Commission approves more funds for animal shelter, grants Chamber more time on audit

Published 9:54 am Tuesday, November 22, 2016

Star Photo/Abby Morris-Frye  Elizabethton/Carter County Animal Shelter Director Shannon Posada speaks to members of the Carter County Commission regarding the shelter during the group's meeting Monday night.

Star Photo/Abby Morris-Frye
Elizabethton/Carter County Animal Shelter Director Shannon Posada speaks to members of the Carter County Commission regarding the shelter during the group’s meeting Monday night.

The second time proved to be the charm Monday night during the Carter County Commission meeting as a request for additional funding for the Elizabethton/Carter County Animal Shelter failed by a single vote on the first time it was brought to the floor but passed on a second vote.
The subject of additional funds for the animal shelter was also brought before the Commission in October by Carter County Mayor Leon Humphrey, who said the agency would require an additional $195,556.59 in order to operate for the remainder of the fiscal year. His request failed to garner enough votes to pass after some commissioners expressed concerns with whether or not the City of Elizabethton would be able to provide their share of the increased funding this far into a budget year.
A request for additional funds — in the same amount of $195,556.59 — was taken before the county’s budget committee earlier this month, where it was rejected by the committee.
Humphrey placed the item on the agenda for Monday’s Commission meeting and the matter was once again brought up for discussion, and as in the October meeting the debate turned heated at times.
During the meeting, Humphrey called on the newly selected shelter Director Shannon Posada and his administrative assistant Susan Robinson, who has twice in recent months served as the interim director of the shelter, to speak to the Commissioners regarding improvements being made to the shelter facilities and operations as well as the needs at the shelter.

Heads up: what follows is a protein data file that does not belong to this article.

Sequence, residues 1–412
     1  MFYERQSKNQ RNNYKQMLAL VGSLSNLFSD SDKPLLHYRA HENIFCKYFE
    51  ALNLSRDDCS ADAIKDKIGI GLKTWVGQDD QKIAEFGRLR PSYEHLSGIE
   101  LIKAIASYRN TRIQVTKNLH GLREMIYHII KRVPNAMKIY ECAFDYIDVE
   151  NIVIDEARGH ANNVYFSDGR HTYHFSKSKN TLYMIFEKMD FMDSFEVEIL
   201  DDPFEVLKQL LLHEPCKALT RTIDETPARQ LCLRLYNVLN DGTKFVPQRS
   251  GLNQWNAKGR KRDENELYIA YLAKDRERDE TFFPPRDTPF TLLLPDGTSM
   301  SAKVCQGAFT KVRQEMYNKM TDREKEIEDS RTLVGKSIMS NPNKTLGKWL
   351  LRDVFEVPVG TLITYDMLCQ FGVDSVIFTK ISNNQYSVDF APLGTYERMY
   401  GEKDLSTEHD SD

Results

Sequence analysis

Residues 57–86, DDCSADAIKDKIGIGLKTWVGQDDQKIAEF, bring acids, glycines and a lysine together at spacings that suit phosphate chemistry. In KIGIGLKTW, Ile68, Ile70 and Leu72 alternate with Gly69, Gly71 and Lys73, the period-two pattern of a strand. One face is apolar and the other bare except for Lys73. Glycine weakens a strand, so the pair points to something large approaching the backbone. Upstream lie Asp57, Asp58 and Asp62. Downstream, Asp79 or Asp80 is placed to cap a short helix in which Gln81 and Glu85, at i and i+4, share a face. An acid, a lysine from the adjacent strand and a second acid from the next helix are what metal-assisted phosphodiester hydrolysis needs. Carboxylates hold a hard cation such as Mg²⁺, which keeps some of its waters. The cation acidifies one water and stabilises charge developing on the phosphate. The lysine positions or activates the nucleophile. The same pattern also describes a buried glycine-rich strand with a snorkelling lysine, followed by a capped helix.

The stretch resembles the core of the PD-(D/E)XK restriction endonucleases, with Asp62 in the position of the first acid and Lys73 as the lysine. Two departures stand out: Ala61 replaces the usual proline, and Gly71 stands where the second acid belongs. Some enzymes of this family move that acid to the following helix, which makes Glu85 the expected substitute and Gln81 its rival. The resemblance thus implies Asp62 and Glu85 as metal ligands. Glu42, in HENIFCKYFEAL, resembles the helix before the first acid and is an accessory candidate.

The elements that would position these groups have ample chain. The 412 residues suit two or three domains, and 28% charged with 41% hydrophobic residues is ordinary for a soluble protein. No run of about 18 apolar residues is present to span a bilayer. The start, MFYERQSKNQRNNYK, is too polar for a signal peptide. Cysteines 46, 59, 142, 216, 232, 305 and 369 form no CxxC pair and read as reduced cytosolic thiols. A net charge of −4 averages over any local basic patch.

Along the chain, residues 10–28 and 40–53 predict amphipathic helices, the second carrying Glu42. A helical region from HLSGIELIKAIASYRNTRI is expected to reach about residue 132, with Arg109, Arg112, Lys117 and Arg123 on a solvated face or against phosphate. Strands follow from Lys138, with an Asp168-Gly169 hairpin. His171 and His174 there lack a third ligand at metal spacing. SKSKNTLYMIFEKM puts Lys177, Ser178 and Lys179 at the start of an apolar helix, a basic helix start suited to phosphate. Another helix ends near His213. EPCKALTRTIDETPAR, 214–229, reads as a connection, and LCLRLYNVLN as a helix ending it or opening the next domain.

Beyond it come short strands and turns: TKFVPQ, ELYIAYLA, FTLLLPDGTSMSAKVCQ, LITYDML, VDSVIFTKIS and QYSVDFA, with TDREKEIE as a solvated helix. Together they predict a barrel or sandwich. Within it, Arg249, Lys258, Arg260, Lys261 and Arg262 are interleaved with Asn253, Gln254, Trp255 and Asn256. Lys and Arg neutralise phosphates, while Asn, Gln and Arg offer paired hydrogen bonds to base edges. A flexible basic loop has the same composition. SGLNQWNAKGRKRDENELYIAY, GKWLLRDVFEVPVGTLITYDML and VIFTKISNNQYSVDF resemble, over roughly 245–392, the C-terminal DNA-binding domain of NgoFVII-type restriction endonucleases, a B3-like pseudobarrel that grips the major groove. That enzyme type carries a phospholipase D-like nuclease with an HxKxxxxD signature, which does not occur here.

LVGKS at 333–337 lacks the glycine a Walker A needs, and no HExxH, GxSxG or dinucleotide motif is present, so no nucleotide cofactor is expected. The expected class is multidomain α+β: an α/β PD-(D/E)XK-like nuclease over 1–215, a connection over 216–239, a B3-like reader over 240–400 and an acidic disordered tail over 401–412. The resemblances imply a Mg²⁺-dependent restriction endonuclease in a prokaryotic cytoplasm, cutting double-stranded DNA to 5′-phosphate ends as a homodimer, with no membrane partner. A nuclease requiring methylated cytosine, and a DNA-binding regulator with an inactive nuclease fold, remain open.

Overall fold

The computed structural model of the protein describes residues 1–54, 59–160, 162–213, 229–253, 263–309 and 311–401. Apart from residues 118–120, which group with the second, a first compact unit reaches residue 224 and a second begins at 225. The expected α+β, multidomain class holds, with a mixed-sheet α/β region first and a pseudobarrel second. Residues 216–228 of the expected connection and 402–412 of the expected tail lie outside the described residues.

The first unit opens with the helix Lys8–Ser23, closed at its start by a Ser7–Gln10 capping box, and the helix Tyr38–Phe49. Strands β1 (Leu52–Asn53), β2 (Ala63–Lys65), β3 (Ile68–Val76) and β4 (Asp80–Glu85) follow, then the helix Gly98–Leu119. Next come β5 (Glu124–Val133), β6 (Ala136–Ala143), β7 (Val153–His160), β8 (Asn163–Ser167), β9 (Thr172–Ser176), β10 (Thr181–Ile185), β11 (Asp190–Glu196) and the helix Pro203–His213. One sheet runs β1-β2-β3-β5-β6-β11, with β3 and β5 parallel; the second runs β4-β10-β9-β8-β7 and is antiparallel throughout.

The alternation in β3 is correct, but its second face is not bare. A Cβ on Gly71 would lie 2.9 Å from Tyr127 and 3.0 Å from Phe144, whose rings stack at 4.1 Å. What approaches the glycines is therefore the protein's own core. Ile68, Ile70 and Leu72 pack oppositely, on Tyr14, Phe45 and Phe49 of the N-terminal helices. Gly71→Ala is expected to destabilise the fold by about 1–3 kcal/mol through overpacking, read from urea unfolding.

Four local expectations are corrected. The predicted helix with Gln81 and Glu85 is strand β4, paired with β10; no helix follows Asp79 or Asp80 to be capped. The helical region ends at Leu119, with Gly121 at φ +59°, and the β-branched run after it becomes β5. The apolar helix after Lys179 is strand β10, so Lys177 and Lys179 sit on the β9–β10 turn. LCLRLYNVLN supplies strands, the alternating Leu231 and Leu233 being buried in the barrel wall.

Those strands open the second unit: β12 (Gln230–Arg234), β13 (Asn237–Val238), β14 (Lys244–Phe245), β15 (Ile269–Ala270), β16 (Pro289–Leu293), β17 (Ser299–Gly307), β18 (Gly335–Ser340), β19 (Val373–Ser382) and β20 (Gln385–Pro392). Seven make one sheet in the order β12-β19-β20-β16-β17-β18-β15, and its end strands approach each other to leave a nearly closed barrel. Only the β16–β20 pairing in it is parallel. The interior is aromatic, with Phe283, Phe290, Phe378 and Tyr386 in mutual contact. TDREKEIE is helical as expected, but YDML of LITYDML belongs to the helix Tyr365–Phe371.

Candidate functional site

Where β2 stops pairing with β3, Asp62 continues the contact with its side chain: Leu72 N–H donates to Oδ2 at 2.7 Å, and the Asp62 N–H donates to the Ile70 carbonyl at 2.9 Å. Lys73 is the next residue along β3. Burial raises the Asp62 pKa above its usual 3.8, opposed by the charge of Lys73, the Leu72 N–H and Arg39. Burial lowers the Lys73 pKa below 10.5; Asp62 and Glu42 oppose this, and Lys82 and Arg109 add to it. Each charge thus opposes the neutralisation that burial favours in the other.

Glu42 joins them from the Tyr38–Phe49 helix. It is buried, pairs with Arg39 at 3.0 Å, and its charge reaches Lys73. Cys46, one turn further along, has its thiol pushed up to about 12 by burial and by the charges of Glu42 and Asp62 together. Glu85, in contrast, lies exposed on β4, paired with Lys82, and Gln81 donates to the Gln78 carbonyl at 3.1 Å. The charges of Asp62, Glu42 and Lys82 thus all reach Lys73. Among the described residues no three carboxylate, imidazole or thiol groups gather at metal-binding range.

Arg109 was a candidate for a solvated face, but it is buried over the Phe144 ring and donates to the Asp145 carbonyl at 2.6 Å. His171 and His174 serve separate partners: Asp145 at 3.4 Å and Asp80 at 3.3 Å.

“I observed some horrible conditions at the shelter over the past year,” said Posada, who prior to accepting the position as director had volunteered with the shelter. “They have gotten better over time.”
While things have improved, Posada said there are still improvements that need to be made.
“We have some great ideas we hope to put in place,” she said.
Some members of the Commission discussed research they had done into other animal shelters in the area and suggested that Carter County begin to model its operation after those agencies, which are non-profit entities rather than government divisions.
Humphrey said many of those ideas are being discussed but they are not things that can happen overnight, adding the most pressing need is getting the shelter through the current fiscal year.
“There are all kinds of opportunities to cut costs, but it’s going to take time,” Humphrey said. “Collectively we can make this happen if we have the support and funding.”
Humphrey also called on Elizabethton Mayor Curt Alexander to address concerns by members of the Commission regarding the city’s share of increased funding.
“We have a signed contract to pay 50 percent of the cost and we will pay 50 percent of the cost,” Alexander said. “We had sort of a sticker shock at seeing a 79 percent increase.”
Alexander said the City of Elizabethton did have some questions regarding the shelter funding, but reiterated that the City would meet its obligations.
“We do understand it was severely underfunded,” he said.
Alexander also told the Commissioners that the City may request to have a meeting between their attorney and the county’s attorney to renegotiate the terms of the contract outlying how the two agencies fund the shelter.
“We feel the city should not pay 50 percent and the county pay 50 percent when the city only represents 25 percent of the population,” Alexander said.
Alexander noted that city residents not only pay city property taxes but county property taxes as well, which in essence means they are paying twice for the animal shelter.